However, the massive military attack of Thursday does not seem to be part of any broader US Afghan strategy and it is difficult to see how a similar show of military might on part of Washington can respond to the exigencies and the challenges of the Afghan war. The bombing in Nangarhar might perhaps respond to Trump’s foreign policy narrative of an assertive and credible American military power and to the expectations of those voters who supported his project of making America “great again”, but it certainly does not respond to the needs of Afghanistan. Indeed, the problems in terms of terrorism, security, and stability that Afghanistan is facing are too complex for a mere militarist approach to be sufficient.

 

Firstly, there is to consider the weakness of Afghanistan’s democratic experiment and the stalemate that continues to paralyze policy-making in Kabul. Despite the important and undeniable step forward that the instalment of the NUG in 2014 under the leadership of Ghani and Abdullah represented, the country is still characterized by a political system made of patronage and ethnic rivalries/alliances that find their roots in a culture traditionally dominated by tribalism. In this context, it is necessary to embrace a strategy that encourages –as the NUG tried to do, but in a more credible and effective way- the development of a political system based on actual (not merely fictional) power-sharing across ethnic groups, so as to give equal representation to the country’s diverse realities. Only in this way it will be possible to make of the government in Kabul an inclusive one, in which all Afghans can recognize themselves and which all Afghans can come to trust and respect.

Secondly, adding to the NUG’s limited inclusiveness and worsening its low credibility, is the rampant corruption within the government and the military that has created over the years a wide gap between government officials and security forces on one hand, and the population on the other. This gap has eroded the trust of Afghans in the political class and the security apparatus, since they regard both of them as distant, detached from people’s grievances, and exclusively focused on furthering their interests and broadening their privileges. Unsurprisingly, this has helped groups such as the Taliban to gain a considerable degree of popular support, or at least connivance. What the Taliban (and more recently, though to a lesser extent, also ISIS-K) managed to do, in fact, was to exploit the Afghans’ distrust in the government, in the army, and in a political system perceived as corrupt and inefficient, in order to present itself as a viable and better alternative. It is on this background that a battle for the hearts and minds of the Afghan people –especially in those rural areas that Kabul struggles the most to reach and control- ensued, and no strategy in Afghanistan can successfully deal with the country’s internal conflict without addressing this major challenge. It is indeed crucial to replace the existing political culture of favoritism and nepotism with one of accountability and responsibility that –together with better systems of checks and balances- might restore the Afghan people’s trust. Unless this trust is restored, in fact, non-state groups such as the Taliban and ISIS-K will easily exploit the situation at their advantage, giving to people what corrupted politicians and security forces fail to give and gaining in this way their support.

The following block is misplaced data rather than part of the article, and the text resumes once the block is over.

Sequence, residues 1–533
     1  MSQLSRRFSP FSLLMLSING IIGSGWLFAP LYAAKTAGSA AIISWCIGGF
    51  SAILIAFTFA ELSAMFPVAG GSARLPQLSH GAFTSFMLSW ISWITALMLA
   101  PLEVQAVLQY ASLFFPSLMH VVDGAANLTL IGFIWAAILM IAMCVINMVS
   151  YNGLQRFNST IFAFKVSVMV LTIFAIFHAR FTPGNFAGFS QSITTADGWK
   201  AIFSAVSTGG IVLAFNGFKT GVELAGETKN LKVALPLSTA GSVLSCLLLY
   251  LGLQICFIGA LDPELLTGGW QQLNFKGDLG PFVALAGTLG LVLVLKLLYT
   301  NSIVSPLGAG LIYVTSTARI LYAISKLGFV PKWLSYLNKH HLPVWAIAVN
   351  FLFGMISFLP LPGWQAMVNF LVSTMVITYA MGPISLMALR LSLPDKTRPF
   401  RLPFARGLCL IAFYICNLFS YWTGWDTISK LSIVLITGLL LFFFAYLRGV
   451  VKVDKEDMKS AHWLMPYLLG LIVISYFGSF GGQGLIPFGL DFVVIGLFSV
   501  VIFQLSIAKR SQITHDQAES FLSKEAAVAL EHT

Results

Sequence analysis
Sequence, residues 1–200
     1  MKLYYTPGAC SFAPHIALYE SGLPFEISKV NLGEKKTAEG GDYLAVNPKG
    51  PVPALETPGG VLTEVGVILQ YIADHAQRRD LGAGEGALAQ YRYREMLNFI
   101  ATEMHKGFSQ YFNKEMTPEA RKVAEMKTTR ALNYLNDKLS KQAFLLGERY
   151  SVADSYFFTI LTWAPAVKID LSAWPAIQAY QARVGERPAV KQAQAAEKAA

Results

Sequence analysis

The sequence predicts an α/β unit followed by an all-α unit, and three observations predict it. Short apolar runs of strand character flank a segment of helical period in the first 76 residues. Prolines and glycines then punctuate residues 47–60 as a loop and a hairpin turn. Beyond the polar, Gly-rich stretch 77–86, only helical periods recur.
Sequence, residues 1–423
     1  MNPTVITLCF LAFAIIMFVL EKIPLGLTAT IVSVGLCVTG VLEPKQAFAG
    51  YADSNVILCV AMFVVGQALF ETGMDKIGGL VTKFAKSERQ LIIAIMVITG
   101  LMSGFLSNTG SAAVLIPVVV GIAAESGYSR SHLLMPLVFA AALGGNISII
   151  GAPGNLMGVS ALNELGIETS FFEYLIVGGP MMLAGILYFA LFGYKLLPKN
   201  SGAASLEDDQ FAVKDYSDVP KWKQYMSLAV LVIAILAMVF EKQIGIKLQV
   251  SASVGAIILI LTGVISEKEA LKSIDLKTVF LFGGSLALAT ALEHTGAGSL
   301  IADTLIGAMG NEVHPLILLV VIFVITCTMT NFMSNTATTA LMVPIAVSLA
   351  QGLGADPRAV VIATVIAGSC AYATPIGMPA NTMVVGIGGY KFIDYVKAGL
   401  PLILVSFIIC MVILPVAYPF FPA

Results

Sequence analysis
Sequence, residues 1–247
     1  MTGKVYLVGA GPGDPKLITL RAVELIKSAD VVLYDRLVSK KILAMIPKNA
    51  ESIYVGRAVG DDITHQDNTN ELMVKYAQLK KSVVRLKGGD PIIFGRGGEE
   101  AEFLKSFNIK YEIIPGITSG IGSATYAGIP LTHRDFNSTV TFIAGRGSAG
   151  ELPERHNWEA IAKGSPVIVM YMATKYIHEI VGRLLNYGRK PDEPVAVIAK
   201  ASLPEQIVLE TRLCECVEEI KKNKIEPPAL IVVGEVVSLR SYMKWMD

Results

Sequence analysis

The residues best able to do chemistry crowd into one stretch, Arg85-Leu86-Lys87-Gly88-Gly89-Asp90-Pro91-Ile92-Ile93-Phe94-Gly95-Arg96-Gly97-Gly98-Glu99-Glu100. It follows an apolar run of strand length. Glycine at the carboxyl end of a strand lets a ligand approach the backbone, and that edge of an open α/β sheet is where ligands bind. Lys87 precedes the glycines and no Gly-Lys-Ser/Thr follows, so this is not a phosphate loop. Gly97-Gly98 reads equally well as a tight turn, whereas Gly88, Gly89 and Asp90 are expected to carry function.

Finally, there is an exogenous factor to be taken into account when attempting to frame a successful strategy for Afghanistan, and this is the role of Pakistan and its historical use of Afghanistan to gain strategic depth vis-à-vis India. In the specific, since the early ‘90s Pakistan has been doing so by backing the Afghan Taliban in their struggle to control Kabul, and the continuation of this policy up to this date reveals the necessity of a strategy that uses diplomatic and economic leverages to encourage Islamabad to change its traditional Afghan policy. At this respect, though, the picture is made more complex by the need to consider two other major players: China, that has recently supported Pakistan’s economy with investments for $57 bn, and Russia, that is tightening its ties with Pakistan in the attempt of increasing its influence in South Asia. An effective Afghan strategy is thus one that looks not only at what happens within the country but also at the broader set of actors that rotate around it and whose influence on the conflict’s prosecution/ending is of primary relevance.

 

In conclusion, Afghanistan is a country facing an extremely wide array of problems and challenges and if the US is determined to address them in order to bring an end to the conflict, a mono-dimensional and militarist approach such as embodied by Thursday’s attack is not viable nor effective, and a broader and multi-dimensional strategy is required in its stead.

 

[Photo: AP]